Planning the project properly, documenting the plan professionally and then implementing the plan successfully are likely the sources of most project success and failure outcomes. Using best practices and learning from the experiences of others are effective methods for skill set development. Many organizations that use project management on an ongoing basis close out projects with a compilation of “lessons learned.” These firms have found value in studying the issues that have emerged in the past.
As part of the planning process, a review of relevant lessons learned can be instructive as well as a “sanity check” or completeness evaluation regarding the adequacy and comprehensive nature of your Project Management Plan.
This post continues the focus on issues in planning and problems that have their source or root cause in planning. The subject is Stakeholder Management.
This post is the eighth in a Subject Series of discussions regarding current challenges being encountered in today’s project management. More specifically, we have titled the series PROJECT MANAGEMENT CHALLENGES, since we intend to focus heavily on the managerial aspects of program / project management. This post addresses the Stakeholder Management lessons learned.
Sources that are used in this post are found in LinkedIn.
As discussed in Part 6 of this series, the use of team and stakeholder workshops can be an effective mechanism for achieving a well-developed Project Management Plan. Start with the fundamentals and process. Incorporate project initiation documentation. Use lessons learned on similar projects. Emphasize team participation.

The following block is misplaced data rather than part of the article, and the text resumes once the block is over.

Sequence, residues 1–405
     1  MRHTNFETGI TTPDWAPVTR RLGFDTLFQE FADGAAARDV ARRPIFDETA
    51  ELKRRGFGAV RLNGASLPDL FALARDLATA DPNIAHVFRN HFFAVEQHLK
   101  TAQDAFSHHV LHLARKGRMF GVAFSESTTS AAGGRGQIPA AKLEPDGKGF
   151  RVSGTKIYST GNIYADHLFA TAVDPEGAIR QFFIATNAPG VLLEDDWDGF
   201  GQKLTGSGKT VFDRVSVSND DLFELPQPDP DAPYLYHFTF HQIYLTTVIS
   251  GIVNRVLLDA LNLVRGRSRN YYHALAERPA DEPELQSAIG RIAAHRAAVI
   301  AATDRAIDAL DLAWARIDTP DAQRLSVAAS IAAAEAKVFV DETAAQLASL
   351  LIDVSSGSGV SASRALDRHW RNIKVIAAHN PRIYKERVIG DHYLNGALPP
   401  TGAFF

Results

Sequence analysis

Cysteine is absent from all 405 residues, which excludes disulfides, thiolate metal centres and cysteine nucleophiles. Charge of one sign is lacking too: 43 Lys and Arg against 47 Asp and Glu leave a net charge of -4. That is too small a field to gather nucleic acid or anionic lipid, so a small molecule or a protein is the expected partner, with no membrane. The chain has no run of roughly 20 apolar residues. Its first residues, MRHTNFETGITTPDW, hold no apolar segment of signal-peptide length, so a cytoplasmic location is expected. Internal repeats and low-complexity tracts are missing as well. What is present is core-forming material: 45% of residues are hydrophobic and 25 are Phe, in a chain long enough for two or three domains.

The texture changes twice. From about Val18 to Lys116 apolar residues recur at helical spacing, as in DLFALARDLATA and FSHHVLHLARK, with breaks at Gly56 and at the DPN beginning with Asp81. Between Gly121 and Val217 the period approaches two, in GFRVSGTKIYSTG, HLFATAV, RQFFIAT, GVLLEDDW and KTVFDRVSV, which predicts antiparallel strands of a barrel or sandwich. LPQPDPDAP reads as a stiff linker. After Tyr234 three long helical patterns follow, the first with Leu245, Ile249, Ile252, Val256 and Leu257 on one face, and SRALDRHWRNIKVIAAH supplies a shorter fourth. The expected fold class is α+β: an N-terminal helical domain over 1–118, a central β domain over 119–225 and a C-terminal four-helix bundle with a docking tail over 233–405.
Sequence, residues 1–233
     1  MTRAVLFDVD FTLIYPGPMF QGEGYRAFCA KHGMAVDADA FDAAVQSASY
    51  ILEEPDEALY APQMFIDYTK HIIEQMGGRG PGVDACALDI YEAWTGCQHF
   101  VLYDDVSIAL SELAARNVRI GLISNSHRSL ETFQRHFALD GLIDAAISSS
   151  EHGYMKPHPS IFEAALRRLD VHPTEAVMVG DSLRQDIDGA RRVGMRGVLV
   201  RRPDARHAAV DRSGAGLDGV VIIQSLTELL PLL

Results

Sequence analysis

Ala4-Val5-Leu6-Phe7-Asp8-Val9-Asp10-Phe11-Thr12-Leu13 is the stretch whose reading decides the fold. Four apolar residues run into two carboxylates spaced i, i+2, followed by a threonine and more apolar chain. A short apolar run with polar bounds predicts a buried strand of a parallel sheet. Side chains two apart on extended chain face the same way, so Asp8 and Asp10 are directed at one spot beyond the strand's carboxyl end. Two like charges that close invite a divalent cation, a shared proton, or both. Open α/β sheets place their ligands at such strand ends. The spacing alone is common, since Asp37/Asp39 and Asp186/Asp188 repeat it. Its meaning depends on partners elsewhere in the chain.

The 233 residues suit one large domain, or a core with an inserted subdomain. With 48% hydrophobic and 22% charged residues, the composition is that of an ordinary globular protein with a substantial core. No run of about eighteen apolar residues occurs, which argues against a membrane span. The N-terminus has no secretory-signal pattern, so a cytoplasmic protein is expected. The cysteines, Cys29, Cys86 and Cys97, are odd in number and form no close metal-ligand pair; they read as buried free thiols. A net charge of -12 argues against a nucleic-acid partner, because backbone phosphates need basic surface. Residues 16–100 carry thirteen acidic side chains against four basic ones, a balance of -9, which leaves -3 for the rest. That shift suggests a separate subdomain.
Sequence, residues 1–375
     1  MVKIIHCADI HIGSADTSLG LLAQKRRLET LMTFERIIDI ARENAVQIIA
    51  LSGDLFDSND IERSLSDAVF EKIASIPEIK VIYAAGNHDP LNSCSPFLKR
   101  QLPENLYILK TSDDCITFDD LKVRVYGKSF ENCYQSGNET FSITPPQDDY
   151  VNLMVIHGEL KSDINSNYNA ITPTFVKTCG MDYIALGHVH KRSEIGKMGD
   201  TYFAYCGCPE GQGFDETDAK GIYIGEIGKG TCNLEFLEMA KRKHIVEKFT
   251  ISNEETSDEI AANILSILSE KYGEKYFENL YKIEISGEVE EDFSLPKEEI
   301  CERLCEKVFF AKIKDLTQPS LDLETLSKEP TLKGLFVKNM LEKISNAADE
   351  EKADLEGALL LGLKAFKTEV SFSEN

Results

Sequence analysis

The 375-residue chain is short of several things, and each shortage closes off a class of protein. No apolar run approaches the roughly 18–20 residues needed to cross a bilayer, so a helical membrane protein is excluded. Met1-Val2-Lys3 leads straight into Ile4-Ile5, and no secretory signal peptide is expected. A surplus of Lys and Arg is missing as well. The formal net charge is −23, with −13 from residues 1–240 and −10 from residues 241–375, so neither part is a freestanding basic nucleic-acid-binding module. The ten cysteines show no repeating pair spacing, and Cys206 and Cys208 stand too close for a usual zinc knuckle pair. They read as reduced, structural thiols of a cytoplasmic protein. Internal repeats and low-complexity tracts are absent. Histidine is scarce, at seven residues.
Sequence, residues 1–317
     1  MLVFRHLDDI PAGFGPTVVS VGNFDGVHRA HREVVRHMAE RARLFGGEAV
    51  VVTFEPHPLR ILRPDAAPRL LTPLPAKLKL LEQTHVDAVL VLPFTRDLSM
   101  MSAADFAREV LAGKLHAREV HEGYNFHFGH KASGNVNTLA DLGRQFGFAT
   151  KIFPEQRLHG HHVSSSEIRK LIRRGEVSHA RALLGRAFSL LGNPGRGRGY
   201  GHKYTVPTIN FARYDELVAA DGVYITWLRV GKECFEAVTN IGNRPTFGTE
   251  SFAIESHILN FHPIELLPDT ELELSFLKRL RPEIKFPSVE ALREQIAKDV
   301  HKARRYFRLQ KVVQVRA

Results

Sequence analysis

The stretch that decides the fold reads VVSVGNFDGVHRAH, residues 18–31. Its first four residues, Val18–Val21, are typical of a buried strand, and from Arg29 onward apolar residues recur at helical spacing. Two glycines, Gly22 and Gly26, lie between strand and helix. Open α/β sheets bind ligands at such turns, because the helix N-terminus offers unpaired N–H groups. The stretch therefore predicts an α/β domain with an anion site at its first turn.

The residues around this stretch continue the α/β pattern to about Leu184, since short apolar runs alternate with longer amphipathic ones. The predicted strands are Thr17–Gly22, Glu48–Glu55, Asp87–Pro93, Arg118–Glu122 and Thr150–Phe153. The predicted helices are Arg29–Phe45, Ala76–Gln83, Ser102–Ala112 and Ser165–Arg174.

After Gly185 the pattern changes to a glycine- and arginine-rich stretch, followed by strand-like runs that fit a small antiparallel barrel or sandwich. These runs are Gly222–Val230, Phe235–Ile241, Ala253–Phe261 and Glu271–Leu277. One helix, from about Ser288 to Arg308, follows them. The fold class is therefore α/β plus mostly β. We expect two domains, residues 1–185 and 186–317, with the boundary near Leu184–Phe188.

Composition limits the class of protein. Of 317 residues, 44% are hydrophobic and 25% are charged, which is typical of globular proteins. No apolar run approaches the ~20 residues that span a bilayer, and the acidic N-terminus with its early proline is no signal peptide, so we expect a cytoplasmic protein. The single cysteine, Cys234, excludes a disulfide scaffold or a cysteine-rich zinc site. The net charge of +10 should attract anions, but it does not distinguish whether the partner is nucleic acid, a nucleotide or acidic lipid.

The use of team and stakeholder workshops can be an effective mechanism for aligning, selling and implementing the Project Management Plan. Obtain an audience with all stakeholders. Start with the Project Sponsor. Sell the Project Management Plan in detail. Use the workshop to probe for disagreement or lack of support. Obtain stakeholder buy-in for the plan.
One source of identification of challenges is industry discussions. LinkedIn hosts Groups with widespread and diverse interests. One such Group is Project Management Link – www.pmlink.org (membership required for access).
As previously posted, within this Group, there has been a very active discussion regarding this topic. The discussion was initiated by Trevor K. Nelson, PMP, IPMA-C, on January 15, 2010, and has 1,700+ comments. Here is the discussion question:
As stated earlier, we will use some of the 1,700+ comments as points of departure for comments and discussion in this series. In our next post, we will include some of the typical comments that pertain to the Planning Process.
This issue that will be unpacked is that of STAKEHOLDER MANAGEMENT. As a starting point, here are some relevant LinkedIn comments. The first is offered by Khurram Mateen:
“People – Stakeholder Management – Specifically stakeholders who have personal emotions and lack logic. As a project manager who is earlier stage of its project management experience, I face this problem in every project and as I got better creating better stakeholder management and communication strategy, things start to get much easier.”